Alyssa Mitchell:

  Being a senior, I believe has a lot of pros and cons. The saddest part about is that your high school career is ending and all of the memories there stop. Memories are what make high school the greatest milestone of your life journey. Whether the journey has been good or bad there is always something positive that comes out of it in some way even if it isn’t clear right now. To me being  a senior is unbelievable because I would always think this year would never come as fast as it had.

  Throughout my high school career I have learned so many things and senior year is like the time where they all connect together into one big lesson. Even though I was never truly involved I feel like senior year is the last year to really make an impact at your school. Being a senior is truly exciting knowing that graduation is a big event, but also nerve wrecking when you are walking across that stage in front of thousands of people and the class. I am excited to see the smiles on my families face and them saying “You did it!” because I never would have thought in making it this far. I can’t wait to take the next few chapters of my life and see what the future awaits for everyone.

Raina Carter:

Well my high school experience was definitely different from most kids. I moved to this district in 8th grade and most of the kids from my middle school didn’t come to this high school.

While I do have some good memories from this school I’m more than ready to graduate and go on to the college. After working so hard for five years just to get where I am I’m definitely pleased with the outcome, and excited to start the next chapter in my life.

There isn’t really anything I’d change about my high school experience, but there are some things I wished were different about the school in general. For example I wish our school recognized the high achieving students differently. I think the way the top ten students for each grade were announced during the spring pep assembly was plain disappointing. Other schools go all out for these students, letting the top ten seniors walk out onto the gym floor repping the college they will attend in the fall, whereas we breezed over the students and possibly got the order wrong.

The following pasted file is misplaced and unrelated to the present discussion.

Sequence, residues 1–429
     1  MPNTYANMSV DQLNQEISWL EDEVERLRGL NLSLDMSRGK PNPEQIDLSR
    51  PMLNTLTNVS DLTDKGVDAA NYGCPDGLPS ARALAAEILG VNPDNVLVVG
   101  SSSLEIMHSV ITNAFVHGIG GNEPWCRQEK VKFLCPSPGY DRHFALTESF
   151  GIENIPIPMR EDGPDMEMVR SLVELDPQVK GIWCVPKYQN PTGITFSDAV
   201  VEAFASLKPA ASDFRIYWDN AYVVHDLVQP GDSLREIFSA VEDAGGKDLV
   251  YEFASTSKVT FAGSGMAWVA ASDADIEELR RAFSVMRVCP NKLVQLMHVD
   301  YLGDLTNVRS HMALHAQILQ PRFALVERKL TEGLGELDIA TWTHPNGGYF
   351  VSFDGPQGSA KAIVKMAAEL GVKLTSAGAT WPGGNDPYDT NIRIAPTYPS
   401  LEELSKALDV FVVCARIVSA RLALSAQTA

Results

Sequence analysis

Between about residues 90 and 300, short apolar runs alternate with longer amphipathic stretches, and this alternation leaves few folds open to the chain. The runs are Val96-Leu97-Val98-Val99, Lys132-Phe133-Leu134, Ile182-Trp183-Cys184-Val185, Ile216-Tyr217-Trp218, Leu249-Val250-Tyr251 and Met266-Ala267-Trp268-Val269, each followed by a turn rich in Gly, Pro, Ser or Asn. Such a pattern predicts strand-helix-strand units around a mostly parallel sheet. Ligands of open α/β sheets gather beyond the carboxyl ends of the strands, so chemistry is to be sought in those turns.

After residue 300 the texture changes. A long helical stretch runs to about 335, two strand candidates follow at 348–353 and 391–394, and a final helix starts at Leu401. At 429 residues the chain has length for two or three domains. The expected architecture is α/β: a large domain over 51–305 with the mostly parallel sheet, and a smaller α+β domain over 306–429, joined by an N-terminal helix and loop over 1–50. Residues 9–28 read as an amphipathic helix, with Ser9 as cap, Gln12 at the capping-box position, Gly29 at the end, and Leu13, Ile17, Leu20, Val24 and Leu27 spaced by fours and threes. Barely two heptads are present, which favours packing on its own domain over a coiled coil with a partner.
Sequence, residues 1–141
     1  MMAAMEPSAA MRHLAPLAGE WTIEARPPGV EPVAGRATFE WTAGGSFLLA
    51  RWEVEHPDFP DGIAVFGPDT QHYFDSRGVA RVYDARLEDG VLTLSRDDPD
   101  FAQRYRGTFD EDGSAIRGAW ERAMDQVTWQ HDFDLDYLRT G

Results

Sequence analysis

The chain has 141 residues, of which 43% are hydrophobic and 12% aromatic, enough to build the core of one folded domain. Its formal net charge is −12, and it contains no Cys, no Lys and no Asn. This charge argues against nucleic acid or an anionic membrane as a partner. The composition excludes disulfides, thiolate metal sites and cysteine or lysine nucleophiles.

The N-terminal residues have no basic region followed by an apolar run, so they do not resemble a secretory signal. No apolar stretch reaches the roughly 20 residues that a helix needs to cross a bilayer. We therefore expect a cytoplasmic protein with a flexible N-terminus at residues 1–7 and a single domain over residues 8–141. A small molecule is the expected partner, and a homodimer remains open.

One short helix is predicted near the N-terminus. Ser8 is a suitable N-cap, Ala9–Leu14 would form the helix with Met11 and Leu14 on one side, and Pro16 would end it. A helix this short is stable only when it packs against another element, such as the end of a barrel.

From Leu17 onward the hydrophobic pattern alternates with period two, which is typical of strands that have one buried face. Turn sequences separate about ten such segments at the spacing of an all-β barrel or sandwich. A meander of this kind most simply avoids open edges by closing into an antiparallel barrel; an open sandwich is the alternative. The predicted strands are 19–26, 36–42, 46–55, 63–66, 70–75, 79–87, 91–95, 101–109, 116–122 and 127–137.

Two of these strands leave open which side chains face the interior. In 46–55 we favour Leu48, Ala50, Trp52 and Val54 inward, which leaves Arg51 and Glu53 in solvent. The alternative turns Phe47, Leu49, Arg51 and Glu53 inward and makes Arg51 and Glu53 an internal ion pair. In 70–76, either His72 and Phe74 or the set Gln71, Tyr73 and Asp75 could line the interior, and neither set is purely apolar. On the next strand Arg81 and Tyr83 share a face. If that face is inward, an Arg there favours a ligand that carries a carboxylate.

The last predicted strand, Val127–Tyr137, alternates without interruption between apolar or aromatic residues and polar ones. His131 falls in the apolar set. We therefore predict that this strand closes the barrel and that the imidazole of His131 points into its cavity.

I will say I had high expectations for high school based on what everyone has said, but the only true thing people have told me is that these four years fly by.

Caleb Harmon:

Well this is the last year. After four years of being in classes and being with friends, high school is ending. Leaving my freshman and sophomore years here at FHC I have always thought that summer meant that I was free from an institution that forced me to wake up at 5:30 in the morning pretty much every weekday. After Junior year, it started to set in that the next year would be the last of a great high school career. And while attending my Senior year,  a truly great bittersweet feeling about graduating and leaving all the familiarities behind began to set in as the year progressed. The next step for me is college.

College is actually a little scary to think about for me because going to college means leaving my mom and dad, many friends, and a home behind. When my college is in San Jose, California and only easily accessible by a plane flight, it sets in a little extra that I am entering a whole new independent phase of my life. Although it is a huge step that will provide experience for the adult world, an incoming college freshman can’t help but feel a little too independent. High school was always an outstanding learning experience and an extremely fun part of my life, but I know that leaving it is the best step forward in life.  I don’t think I have peaked in my life and I can’t wait for what the future holds. But even though I am full of anticipation and excitement to take the next major step in my life, I can’t help but feel like a major piece of my life is being left behind.